Let’s review the facts:
We have Federal and State requirements that MUST be adhered to in relation to the work performed by electricians daily. The processes which govern what must be achieved, is set out in various Standards, Acts, Bills, and Regulations.
Australia and New Zealand Federal Requirements:
- AS/NZS3000 (2018) Section 8 sets out the requirement for this across Australia and New Zealand.
- AS/NZS3017 (2007) sets out the methods of inspection and testing for satisfying AS/NZS3000.
- Workplace Health and Safety Act (2018) provides a balanced and nationally consistent framework to secure the Health and Safety of workers and workplaces.
- Workplace Health and Safety Bill (2019) provides a national model law and is intended to provide the basis for nationally consistent work health and safety laws.
- Workplace Health and Safety Regulations (2021) provide the basis for nationally consistent work health and safety laws.
- Electrical Safety Act
- Electrical Safety Regulation
- Workplace Health and Safety Act
All of these form our “legal requirements” for Inspection & Testing for everyone from electricians, to electrical contractors, to asset owners.
What is the issue?
- Complications ensuring tests comply
- 2 required tests come from tables 8.1 and 8.2 of AS/NZS3000. Unless the electrician carries around these tables, they aren’t 100% assured the tests are compliant for that circuit.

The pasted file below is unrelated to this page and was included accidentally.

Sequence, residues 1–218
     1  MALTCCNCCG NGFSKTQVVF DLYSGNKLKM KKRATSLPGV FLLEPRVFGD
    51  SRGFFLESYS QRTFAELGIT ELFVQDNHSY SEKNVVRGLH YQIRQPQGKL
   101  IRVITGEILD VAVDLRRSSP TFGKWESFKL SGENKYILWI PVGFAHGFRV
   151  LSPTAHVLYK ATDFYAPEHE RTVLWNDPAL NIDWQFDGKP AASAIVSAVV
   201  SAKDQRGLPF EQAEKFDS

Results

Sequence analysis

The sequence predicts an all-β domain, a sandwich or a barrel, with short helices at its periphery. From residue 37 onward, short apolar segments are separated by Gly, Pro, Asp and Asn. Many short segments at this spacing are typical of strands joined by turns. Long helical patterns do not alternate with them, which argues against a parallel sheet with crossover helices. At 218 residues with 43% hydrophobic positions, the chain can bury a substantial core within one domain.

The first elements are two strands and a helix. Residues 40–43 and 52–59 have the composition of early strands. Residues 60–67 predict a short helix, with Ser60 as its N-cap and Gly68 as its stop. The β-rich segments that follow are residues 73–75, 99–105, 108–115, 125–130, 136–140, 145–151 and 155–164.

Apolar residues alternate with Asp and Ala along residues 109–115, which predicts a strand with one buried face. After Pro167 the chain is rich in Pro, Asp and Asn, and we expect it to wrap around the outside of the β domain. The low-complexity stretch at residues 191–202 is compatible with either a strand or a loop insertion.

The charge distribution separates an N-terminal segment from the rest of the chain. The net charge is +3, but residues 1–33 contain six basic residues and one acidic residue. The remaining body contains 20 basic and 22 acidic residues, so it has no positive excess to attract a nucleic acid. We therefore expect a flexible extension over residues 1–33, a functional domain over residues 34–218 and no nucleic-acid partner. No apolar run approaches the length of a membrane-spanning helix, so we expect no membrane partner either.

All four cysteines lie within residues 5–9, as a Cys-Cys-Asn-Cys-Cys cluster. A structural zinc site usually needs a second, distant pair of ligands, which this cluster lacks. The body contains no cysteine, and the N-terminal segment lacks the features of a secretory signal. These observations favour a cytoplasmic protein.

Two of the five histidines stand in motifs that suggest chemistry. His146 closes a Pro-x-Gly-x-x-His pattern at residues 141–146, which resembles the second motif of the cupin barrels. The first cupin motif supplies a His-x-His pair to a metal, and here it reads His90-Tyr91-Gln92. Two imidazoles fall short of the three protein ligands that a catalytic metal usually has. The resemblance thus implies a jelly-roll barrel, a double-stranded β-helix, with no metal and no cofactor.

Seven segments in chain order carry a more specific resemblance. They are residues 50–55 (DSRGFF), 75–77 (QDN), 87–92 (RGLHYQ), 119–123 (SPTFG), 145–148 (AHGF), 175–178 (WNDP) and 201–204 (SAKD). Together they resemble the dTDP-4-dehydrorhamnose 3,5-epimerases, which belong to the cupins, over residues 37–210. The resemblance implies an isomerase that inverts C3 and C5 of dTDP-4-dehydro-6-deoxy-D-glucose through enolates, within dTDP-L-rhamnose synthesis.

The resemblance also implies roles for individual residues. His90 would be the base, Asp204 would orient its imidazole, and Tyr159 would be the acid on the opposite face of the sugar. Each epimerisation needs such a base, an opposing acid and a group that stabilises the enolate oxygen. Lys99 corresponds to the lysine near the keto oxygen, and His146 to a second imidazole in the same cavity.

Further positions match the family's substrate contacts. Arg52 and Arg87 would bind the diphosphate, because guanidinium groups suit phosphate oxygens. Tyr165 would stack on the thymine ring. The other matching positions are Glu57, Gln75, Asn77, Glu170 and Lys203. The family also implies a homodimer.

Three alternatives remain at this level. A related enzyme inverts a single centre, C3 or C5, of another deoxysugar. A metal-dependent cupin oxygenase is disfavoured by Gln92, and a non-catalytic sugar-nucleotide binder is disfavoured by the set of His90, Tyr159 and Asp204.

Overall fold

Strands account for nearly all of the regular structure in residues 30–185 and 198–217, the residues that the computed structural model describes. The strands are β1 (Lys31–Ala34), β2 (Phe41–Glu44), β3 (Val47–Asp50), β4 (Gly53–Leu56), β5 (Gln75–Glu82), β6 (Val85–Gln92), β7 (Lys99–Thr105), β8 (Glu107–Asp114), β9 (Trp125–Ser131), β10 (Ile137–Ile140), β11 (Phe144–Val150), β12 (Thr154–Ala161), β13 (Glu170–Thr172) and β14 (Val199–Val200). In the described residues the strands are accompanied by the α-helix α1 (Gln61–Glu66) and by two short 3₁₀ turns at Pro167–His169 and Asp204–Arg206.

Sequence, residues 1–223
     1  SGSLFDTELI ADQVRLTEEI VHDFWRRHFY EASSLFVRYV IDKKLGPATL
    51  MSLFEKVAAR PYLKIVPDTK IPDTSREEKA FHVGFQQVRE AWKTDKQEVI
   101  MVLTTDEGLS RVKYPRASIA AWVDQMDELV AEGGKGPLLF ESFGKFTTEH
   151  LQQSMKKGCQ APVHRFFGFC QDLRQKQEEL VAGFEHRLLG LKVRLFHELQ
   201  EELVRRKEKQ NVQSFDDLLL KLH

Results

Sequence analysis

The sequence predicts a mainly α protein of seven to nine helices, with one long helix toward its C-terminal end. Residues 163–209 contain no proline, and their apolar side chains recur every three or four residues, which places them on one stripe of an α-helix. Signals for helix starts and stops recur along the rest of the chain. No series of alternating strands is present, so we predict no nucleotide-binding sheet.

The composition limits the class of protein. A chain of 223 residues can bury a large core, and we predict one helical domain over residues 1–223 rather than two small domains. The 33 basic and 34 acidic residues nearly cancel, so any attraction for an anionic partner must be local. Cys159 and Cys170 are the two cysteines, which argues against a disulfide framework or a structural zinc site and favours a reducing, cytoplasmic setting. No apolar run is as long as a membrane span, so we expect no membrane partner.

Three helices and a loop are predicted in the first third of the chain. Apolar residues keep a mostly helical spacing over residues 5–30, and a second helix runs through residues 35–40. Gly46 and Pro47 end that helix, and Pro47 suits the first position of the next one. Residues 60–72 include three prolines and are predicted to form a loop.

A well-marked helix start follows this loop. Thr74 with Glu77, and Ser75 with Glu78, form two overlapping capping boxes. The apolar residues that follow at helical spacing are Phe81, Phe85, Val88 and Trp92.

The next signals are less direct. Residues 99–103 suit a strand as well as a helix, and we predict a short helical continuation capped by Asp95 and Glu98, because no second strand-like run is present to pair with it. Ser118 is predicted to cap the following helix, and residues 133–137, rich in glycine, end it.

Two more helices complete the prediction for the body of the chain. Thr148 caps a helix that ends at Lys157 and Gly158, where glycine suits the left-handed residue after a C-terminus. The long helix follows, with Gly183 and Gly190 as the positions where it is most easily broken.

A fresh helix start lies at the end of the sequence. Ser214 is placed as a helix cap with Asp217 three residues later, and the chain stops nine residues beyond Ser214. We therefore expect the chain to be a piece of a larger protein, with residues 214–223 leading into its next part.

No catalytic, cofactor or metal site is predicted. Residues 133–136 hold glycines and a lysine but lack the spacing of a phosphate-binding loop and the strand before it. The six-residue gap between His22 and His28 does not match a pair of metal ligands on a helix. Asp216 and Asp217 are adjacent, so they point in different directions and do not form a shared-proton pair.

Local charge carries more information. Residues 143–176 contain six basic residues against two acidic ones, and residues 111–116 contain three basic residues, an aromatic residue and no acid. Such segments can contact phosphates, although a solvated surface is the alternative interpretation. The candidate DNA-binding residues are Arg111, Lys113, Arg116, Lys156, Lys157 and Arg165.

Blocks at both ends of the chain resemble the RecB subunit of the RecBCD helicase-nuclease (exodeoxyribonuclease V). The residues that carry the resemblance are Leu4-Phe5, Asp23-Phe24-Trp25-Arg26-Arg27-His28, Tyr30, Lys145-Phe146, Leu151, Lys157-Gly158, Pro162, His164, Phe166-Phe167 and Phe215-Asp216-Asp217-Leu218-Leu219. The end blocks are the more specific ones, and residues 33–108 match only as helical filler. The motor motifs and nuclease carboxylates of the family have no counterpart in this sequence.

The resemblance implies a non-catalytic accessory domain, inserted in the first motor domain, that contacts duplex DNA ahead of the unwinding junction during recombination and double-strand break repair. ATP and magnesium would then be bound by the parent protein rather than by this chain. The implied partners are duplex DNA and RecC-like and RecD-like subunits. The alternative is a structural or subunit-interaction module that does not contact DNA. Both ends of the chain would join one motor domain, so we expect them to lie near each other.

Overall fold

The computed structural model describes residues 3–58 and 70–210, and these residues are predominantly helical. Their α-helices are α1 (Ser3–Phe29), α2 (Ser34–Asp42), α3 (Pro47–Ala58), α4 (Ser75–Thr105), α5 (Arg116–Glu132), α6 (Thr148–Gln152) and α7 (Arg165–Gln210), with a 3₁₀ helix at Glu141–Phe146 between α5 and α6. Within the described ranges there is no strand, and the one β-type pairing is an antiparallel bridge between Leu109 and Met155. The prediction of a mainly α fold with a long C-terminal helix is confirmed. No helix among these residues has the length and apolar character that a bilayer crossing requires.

- Potential for mis-understanding the testing parameters and passing a failed result.
- Paperwork – Who likes this anyway!
- Lost documents, illegible writing, incorrect test results, missed tests, reduced productivity, reputational damage, storage issues.
- More administration work
- Filing, storing, ability to retrieve when requested, reputational damage
- Lack of duty of care/oversight by Electrical Contractors
- If no one is going to check your work – why bother testing?
- Even if the paperwork is returned, it’s rarely reviewed for compliance (I know a guy in Cairns who sits down with all the weeks testing sheets on a Friday arvo and manually reviews each test….)
- Inability of “Oversight” by the Regulators to ensure this process happens
- Most state regulators do not have the manpower to have inspectors in the field reviewing current jobs (Even if they did, the state would need a digital lodgement system to allow them to see where electricians that day were at)
- I will credit Victoria ESV and Western Australia EnergySafety for their process of knowing where electricians have been, IF the notices have been lodged.
All these combined put our industry at risk, plus your business, and its reputation. The asset owners face prosecution now, under WHS Act Section 5 (the PCBU Rulings), so don’t think that it is “just” the electrician that is going to be at fault. Company Directors of assets are liable, and have been fined, for electrical safety and compliance failures.